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Old 10-18-2018, 03:15 AM   #1
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Stray current and engine grounding.

Had sparkies onboard last week checking us for stray current as on the last slip we had a bit of blown paint due to a poor grounding plate and connection.

They suggested we fit one of these when out which i did , redid the grounding wire and they said its better to give the boat some time to settle down before rechecking.



On the check it was noted a slight discrepancy between the rudder and the engine and grounding them was recommended.
After a look around they said running the ground for engine off of alternator negative was as good a spot as any but now I am second guessing them.

I have the gear now and i am running a hefty tinned cable from rudder post to ground plate and from engine to ground plate.

Instead I was going to use a cleaned up bolt sticking out of the block, as one usualy does when connecting earth to engine, theory being that the alternator , due to what it does, may have more chance of actually introducing current to the water than a bolt on the engine.
Plus I feel a bit uneasy about having an integral part of the engine wired up in this way.

Thoughts?
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Old 10-18-2018, 06:15 AM   #2
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Do you have anodes (zincs) on the rudder and shaft? How long do they last?

Ted
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Old 10-18-2018, 06:42 AM   #3
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Do you have anodes (zincs) on the rudder and shaft? How long do they last?

Ted
Guessing we are over zinced.
I reckon the previous owners were adding them and adding them and adding them over the past 40 years.

Replaced them all when we got her.
Have something silly like 6 a side on the keel shoe, 6 on the nozzle and one on the rudder.
Last lift one on the nozzle and one on the nozzle were gone, no nuts remaining.
Most of the remainders were 75% or more good after 2 years.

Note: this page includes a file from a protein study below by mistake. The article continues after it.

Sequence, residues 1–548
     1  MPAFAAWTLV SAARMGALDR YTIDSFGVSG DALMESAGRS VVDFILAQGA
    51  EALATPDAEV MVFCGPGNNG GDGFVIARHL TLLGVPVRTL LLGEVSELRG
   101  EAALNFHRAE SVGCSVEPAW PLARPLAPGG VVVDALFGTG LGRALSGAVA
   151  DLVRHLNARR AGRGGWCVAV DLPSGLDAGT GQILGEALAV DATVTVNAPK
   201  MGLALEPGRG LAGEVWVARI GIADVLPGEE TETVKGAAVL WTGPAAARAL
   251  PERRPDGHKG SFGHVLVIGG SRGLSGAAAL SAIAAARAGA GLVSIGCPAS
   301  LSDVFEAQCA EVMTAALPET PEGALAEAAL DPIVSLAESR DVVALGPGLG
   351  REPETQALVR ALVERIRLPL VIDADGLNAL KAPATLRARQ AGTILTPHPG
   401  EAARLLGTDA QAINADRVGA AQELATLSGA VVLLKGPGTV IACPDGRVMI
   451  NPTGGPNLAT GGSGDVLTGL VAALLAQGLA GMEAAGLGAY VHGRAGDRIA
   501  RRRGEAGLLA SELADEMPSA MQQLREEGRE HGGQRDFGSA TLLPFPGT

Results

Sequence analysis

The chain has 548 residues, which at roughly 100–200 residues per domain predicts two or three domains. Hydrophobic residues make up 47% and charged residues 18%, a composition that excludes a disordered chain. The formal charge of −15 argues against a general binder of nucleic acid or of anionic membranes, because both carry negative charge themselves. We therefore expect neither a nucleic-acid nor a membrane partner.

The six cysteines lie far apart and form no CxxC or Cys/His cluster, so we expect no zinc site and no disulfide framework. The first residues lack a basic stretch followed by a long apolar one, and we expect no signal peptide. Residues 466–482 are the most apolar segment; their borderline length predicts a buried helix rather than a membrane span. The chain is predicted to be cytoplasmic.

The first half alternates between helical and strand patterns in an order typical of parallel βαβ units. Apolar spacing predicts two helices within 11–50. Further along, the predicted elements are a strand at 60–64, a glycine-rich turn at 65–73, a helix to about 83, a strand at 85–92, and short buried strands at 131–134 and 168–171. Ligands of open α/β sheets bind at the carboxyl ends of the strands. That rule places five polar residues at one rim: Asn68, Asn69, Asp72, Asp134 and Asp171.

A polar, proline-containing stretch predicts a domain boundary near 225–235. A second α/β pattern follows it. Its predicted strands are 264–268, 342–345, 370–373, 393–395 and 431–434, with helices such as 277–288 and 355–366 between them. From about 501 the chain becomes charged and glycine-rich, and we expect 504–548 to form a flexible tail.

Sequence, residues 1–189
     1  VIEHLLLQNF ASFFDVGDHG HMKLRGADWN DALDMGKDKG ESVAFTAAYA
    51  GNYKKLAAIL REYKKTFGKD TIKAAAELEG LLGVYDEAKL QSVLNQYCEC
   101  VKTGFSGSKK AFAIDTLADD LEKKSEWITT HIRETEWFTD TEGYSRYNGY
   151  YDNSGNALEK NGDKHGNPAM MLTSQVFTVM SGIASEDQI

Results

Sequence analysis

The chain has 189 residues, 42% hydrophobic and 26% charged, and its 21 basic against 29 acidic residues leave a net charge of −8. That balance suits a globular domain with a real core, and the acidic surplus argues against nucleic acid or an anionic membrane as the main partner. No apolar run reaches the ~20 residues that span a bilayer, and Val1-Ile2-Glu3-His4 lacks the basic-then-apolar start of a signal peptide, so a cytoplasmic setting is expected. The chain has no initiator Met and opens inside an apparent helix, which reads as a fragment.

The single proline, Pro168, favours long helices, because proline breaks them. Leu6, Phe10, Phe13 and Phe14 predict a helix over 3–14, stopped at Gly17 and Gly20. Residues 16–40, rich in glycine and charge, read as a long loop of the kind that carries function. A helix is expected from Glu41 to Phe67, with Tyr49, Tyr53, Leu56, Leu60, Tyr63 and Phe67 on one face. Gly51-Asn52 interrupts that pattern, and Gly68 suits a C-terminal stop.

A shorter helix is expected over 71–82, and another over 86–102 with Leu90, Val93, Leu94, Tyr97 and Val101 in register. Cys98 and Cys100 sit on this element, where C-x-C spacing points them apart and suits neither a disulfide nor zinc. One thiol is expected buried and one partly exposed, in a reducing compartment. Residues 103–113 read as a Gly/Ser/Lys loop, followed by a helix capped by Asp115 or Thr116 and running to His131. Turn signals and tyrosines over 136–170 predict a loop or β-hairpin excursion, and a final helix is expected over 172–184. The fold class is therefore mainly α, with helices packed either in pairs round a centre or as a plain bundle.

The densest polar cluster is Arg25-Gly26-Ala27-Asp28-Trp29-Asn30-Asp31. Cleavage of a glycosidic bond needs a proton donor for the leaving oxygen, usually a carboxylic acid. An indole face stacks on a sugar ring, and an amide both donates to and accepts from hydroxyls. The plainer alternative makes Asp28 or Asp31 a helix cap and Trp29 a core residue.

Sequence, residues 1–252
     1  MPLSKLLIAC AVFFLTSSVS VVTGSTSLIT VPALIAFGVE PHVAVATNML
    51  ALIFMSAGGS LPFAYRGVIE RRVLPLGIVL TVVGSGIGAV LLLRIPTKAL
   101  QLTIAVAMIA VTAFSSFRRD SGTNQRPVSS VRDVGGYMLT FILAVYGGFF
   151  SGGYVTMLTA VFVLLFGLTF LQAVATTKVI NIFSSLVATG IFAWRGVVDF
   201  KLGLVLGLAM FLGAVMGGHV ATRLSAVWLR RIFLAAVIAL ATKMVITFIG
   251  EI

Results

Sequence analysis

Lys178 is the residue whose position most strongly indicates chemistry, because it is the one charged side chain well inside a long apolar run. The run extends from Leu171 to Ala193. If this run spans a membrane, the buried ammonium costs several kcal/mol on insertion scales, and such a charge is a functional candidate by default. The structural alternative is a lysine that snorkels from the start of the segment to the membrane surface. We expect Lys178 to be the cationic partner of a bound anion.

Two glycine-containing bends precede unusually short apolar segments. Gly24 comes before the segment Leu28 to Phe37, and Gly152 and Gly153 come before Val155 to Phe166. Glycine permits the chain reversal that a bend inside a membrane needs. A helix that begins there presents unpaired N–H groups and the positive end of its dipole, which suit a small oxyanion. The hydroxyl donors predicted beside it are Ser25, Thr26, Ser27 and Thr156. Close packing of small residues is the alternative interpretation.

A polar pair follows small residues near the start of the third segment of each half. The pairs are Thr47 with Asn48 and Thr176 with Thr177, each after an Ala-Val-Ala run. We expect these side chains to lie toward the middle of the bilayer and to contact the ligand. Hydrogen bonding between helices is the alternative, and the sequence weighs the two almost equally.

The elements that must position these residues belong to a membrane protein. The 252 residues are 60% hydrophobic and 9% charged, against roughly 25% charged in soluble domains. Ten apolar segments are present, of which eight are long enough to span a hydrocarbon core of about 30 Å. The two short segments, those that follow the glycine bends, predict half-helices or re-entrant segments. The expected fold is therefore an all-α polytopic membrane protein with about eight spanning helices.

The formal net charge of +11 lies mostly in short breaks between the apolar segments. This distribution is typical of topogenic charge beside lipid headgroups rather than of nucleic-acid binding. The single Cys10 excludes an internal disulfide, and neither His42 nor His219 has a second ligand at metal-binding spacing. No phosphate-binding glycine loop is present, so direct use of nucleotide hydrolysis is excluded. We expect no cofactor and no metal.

Sparkies advised against replacing the missing ones.
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Old 10-18-2018, 04:15 PM   #4
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I used to have a steel boat (20 years ago), so the memory is fuzzy. From memory the negative battery cable bolt on the block was where I had mine. Most of the points where the engine or gear touched the hull are electrically insulated or weren't designed for electrical continuity. Unless there is a dedicated negative cable attached to the alternator, my choice would be the above, or another bolt on the same part.

Ted
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Old 10-18-2018, 05:28 PM   #5
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A couple of comments. Firstly, people such as Nigel Calder warn against over-protection (with anodes) of wooden boats. Apparently it can cause severe alkali attack and destroy the wood.

Secondly, (Calder again) an isolated ground alternator is preferable to grounding it via the engine. This avoids high currents running through the engine when the alternator is charging, potentially increasing stray current corrosion.
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Old 10-18-2018, 09:00 PM   #6
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Whoo! Thanks for making that point, Brian. I need to re-read that book!.
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Old 10-18-2018, 09:33 PM   #7
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I have that book somewhere....

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Old 10-19-2018, 04:52 PM   #8
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A couple of comments. Firstly, people such as Nigel Calder warn against over-protection (with anodes) of wooden boats. Apparently it can cause severe alkali attack and destroy the wood.
.
Thanks Brian, we know about the to many anodes issue and there is "some" evidence of wood damage but apparently minor given the age of vessel and thickness of timbers used.

To put it another way, timber guys who worked on it seemed to think it wasn't bad and they had seen plenty of others boats, some in survey that are a hell of a lot worse.

Its taken 40 years to get where it is and the sparkies said the numbers are in acceptable levels or at least will be when the engine and rudder are connected to the earth plate.
Nothing to worry about so they say.

Quote:
Secondly, (Calder again) an isolated ground alternator is preferable to grounding it via the engine. This avoids high currents running through the engine when the alternator is charging, potentially increasing stray current corrosion
Having a read up on this now

Thanks
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